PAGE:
Melbourne Philharmonia Project was launched with a simple vision, an orchestral movement that truly represented Melbourne’s aspiring classical musicians. Launching MPP took allot of planning but also allot of resources to bring and idea to life. Our executive team up until now has been quite small for what we are. Learning from experience I wanted as small a team to begin with where everyone had a clear role to play. However, we are bringing more exciting people on board to reflect how MPP is expanding. Speaking in plain terms we will have an annual turnover for our first year of about 70k, and how our organisation is run should reflect that. This is our focus for the second half of the year, matching how MPP is run as an organisation to what we are artistically.
Creating a concert from scratch as with anything really revolves around three major aspects, the planning, the preparation and the execution. We had quite a condensed rehearsal period of about two weeks and five rehearsals. Many of the musicians who play in MPP are used to operating on a tight rehearsal schedule with their casual work in professional orchestras. The expectations of a conductor are also heightened. Frankly, the hardest challenge for a young conductor is not our conducting technique, but our rehearsal technique. Although it’s a privilege to be able to create music with your friends, it also presents many challenges. Informing a mate that what they are playing is not quite right and asking for a certain passage to be played differently provides an interesting moral dilemma. However, these musicians are giving up their time to play in an orchestra that I’m conducting. I have a moral obligation to them to make the ensemble the best it can possibly be. I’m also privileged that the members of MPP normally pull me up when I’m doing something that isn’t quite clear. I trust them unconditionally because the orchestra is my greatest teacher, it’s these people that are most affected by what I do.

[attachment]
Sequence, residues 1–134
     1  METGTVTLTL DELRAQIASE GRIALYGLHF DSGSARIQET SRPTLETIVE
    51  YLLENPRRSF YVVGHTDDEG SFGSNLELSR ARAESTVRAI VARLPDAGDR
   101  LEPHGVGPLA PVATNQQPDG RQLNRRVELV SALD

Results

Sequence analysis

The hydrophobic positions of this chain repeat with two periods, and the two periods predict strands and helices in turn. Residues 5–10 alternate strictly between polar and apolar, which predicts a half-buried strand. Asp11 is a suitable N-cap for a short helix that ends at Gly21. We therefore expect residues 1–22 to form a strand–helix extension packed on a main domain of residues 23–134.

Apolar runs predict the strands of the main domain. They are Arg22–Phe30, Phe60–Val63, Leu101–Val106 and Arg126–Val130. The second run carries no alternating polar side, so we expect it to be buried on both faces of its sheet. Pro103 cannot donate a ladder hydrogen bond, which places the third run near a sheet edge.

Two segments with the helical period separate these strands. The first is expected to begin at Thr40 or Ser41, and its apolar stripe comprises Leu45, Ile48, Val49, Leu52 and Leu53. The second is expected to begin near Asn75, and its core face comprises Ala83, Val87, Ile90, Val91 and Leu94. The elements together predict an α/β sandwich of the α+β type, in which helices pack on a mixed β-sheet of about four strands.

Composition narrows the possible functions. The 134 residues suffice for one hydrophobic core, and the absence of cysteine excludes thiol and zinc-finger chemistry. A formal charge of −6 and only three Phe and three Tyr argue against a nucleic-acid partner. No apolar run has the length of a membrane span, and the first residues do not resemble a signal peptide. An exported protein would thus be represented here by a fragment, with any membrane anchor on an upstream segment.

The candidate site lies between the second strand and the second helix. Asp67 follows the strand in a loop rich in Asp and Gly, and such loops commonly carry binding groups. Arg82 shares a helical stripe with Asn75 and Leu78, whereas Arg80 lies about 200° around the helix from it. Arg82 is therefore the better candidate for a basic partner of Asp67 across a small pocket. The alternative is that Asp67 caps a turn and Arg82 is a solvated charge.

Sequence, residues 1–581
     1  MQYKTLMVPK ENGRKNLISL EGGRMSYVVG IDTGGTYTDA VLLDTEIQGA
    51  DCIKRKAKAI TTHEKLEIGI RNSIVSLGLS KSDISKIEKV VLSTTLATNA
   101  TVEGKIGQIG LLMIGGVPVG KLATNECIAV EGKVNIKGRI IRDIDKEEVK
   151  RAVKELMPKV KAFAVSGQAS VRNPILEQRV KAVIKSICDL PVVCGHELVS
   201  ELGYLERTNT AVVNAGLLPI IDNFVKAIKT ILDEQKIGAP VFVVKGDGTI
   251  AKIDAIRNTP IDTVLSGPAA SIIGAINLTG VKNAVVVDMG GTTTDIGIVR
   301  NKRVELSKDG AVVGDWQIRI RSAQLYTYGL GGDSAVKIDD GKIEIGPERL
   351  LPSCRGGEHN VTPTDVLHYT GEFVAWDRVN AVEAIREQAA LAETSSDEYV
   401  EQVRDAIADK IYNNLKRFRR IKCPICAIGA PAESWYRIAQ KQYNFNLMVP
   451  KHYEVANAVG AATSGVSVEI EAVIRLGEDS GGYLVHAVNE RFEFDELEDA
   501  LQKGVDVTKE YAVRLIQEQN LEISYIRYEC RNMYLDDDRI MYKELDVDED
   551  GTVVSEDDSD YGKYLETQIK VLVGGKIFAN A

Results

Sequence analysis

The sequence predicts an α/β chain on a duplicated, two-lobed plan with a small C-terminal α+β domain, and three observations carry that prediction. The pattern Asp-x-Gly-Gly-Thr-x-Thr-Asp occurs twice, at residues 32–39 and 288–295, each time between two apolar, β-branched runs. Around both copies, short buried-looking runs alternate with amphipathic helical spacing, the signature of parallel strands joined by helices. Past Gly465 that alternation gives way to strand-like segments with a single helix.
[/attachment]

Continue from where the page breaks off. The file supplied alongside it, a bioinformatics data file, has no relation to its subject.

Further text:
The rehearsals for our second concert provided different challenges to that of our first. Although Mahler 1 is a technically more difficult piece for the orchestra than Sibelius 1, it’s a constant piece of the symphonic canon. Most of us have either played it or been to a concert where it has been programmed. We were three rehearsals out from the concert and the concert wasn’t quite coming along
as I’d like, most of that was honestly due to me. I had taken way too much on in the two weeks leading up to the concert and my demeanour on the podium reflected that. People around my inner circle knew that I was struggling and honestly not quite with it. But one person in particular went out of her way to lend a helping hand: Michelle Wood of the MSO and Tin Alley Quartet reached out to me and offered her expertise for our last couple of rehearsals. Through experience, she knew exactly what the orchestra needed. It was a massive wake-up call for me as a young conductor, in terms of what an orchestra needs from a conductor but also its’ leader. She not only inspired the orchestra but also lit that fire inside me for those last few days and concert night.
Although“Solitary Pathways” presented many new challenges it was undoubtedly a success. A smaller orchestra due to instrumentation but a larger attendance. We had an audience of 215 for our first concert but for our second concert we had an audience of 250. What we said we’d do on a larger scale we executed very well and even got a rave review in Cut Common. However, it’s the smaller things that we as an organisation need to work on and myself as an Artistic Director need to develop. Our next concert experience will feature some truly world class musicians and collaborators that we can’t wait to reveal. In saying that, the expectations of MPP as an organisation will be much greater but I’ve got no doubt that I have the team and musicians behind me to match the hype.